Oskar Schlemmer (1888-1943)
Oskar Schlemmer (1888-1943)

Geneigte Halbfigur mit rötlichen Tönen

Oskar Schlemmer (1888-1943)
Geneigte Halbfigur mit rötlichen Tönen
dated '30.1.33' (lower right)
pastel on paper
21 ½ x 16 ¼ in. (54.8 x 41.4 cm.)
Executed on 30 January 1933
Marlborough Fine Art, Ltd., London, by whom acquired in 1960.
Galerie Roman Norbert Ketterer, Campione d'Italia, by whom acquired from the above in 1966.
Maria Tannenbaum, New York.
Findlay Gallery, New York.
Galerie Zwirner, Cologne, 1969-1971.
Galerie Neuendorf, Hamburg.
Private collection, Germany, by whom acquired from the above, and thence by descent.
H. Hildebrandt, Oskar Schlemmer, Munich, 1952, no. 822.
R.N. Ketterer, Moderne Kunst III, Campione d'Italia, 1966, no. 171 (illustrated p. 189).
K. von Maur, Oskar Schlemmer: Oeuvrekatalog der Gemälde, Aquarelle, Pastelle und Plastiken, Munich, 1979, no. K55, pp. 359-360 (illustrated p. 360).
Hannover, Kestner-Gesellschaft, Oskar Schlemmer: Handzeichnungen, Aquarelle, February - March 1960, no. 149; this exhibition later travelled to ten further locations in Germany between April 1960 and August 1961.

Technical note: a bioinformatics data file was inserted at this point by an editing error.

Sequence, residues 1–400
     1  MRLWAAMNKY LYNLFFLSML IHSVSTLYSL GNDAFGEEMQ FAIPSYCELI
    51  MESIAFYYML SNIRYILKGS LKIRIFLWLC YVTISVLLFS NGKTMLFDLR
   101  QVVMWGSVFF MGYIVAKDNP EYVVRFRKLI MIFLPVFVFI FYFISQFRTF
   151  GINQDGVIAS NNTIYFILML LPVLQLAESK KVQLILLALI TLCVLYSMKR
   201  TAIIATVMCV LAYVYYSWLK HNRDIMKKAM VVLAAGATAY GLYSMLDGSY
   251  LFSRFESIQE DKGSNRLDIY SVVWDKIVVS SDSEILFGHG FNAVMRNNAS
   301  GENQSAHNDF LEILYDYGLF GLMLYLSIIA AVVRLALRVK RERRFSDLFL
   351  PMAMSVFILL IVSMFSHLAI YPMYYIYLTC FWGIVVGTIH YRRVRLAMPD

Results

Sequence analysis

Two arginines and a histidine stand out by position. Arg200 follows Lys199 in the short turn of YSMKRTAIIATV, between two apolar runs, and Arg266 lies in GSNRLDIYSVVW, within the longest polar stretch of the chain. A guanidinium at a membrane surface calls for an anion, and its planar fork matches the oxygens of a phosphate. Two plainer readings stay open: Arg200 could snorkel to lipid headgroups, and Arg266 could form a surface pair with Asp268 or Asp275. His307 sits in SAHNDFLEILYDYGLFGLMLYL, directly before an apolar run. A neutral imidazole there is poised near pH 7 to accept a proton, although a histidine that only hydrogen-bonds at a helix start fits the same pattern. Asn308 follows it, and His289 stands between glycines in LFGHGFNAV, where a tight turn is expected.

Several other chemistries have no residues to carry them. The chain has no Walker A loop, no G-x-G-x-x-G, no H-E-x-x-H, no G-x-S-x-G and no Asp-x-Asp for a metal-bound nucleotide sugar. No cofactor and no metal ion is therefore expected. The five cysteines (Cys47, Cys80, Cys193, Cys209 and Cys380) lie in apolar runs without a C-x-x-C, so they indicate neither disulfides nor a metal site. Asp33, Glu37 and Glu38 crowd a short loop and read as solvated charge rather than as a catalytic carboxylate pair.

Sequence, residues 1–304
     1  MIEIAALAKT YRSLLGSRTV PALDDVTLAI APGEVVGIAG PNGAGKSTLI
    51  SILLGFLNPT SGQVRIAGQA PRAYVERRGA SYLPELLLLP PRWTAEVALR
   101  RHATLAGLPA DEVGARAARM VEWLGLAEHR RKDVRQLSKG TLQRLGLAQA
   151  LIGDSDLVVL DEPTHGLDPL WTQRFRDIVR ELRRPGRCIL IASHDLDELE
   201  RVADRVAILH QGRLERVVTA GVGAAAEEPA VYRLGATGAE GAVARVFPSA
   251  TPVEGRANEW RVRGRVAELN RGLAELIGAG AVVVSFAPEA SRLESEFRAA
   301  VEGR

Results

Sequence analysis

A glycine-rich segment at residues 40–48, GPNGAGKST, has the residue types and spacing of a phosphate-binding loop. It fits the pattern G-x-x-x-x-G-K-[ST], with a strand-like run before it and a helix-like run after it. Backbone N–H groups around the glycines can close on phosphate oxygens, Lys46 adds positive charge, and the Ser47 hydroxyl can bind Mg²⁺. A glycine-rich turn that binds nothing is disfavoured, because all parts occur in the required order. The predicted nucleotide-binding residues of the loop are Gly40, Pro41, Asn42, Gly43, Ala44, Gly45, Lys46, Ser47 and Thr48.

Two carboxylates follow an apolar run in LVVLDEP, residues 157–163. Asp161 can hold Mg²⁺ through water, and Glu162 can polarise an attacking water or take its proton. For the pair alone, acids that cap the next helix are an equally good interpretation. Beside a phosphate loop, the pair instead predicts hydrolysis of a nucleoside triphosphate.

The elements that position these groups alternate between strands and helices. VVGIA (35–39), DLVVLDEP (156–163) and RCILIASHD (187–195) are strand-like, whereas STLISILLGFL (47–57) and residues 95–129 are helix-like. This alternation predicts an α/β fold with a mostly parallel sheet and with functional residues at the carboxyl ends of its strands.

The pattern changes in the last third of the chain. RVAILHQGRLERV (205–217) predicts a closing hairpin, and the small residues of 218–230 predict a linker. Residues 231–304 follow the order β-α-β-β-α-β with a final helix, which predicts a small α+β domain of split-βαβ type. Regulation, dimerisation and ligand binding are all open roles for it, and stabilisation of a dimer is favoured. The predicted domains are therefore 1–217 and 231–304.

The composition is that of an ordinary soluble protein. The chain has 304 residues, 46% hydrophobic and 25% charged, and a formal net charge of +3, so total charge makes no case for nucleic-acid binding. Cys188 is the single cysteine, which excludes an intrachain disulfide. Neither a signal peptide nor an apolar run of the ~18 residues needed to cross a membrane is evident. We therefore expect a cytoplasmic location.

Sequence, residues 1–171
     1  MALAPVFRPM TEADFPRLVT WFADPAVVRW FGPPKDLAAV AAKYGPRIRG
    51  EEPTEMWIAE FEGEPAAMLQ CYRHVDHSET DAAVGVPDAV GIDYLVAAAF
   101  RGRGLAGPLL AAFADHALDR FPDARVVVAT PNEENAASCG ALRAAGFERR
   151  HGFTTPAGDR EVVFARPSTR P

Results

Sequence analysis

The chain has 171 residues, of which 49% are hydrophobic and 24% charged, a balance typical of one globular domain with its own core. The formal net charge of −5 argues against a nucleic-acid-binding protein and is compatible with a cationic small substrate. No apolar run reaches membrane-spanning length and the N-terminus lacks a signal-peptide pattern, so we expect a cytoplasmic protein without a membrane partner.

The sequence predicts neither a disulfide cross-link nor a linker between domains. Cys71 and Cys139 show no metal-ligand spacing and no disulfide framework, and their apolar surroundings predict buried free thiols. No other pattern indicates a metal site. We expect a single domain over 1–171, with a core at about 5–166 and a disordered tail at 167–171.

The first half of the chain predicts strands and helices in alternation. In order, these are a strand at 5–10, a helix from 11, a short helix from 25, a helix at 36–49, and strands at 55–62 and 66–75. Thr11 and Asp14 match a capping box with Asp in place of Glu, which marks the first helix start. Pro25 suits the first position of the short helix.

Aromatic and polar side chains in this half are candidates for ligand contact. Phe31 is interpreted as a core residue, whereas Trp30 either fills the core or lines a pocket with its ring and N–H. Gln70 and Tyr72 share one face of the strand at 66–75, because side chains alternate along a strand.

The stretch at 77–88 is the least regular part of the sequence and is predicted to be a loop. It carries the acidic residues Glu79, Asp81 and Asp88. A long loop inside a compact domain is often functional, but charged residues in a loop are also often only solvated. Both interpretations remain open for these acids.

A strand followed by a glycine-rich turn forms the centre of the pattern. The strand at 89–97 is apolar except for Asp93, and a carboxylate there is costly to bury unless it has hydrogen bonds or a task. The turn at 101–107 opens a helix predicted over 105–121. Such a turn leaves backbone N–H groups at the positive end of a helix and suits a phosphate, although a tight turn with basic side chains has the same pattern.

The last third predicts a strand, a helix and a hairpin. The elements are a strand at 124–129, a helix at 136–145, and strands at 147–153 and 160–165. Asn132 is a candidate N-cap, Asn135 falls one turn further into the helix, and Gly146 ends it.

London, Marlborough Fine Art, Ltd., Painters of the Bauhaus, March - April 1962, no. 186, p. 82 (illustrated).
London, Marlborough Fine Art, Ltd., Drawings, Watercolours, Collages, Expressionism, Bauhaus, Dada, January 1966, no. 59 (illustrated).

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Annie Wallington
Annie Wallington

Lot Essay

Oskar Schlemmer was among the first and most prominent masters at the Staatliches Bauhaus, first in Weimar and later in Dessau, where he developed a truly unique, instantly recognisable style in his art. Dating from 30 January 1933, the present work, expressive and introspective at once, was executed just two weeks after the Swiss artist Otto Meyer-Amden passed away. Schlemmer and Meyer-Amden first met in 1911 and became very close friends. They corresponded regularly and shared a deep mutual understanding, so Schlemmer was naturally distressed after hearing the news of his friend’s passing. Just a few days before executing Geneigte Halbfigur mit rötlichen Tönen, he wrote to his fellow artist Lily Hildebrandt: ‘Otto Meyer is dead! The thought makes the mind go blank. A tragic life!’ (Letter from Oskar Schlemmer to Lily Hildebrandt, 26 January 1933, reproduced in T. Schlemmer, The Letters and Diaries of Oskar Schlemmer, trans. K. Winston, Evanston, Illinois, p. 306). Looking down, the sitter emanates a sense of sadness and introspection, heightened by the placement of her left hand on her heart. The rapidly drawn strokes of light-blue pastel are in stark contrast with the balanced composition and the geometry of the background, conveying some of the tension the artist may have been experiencing at the time.

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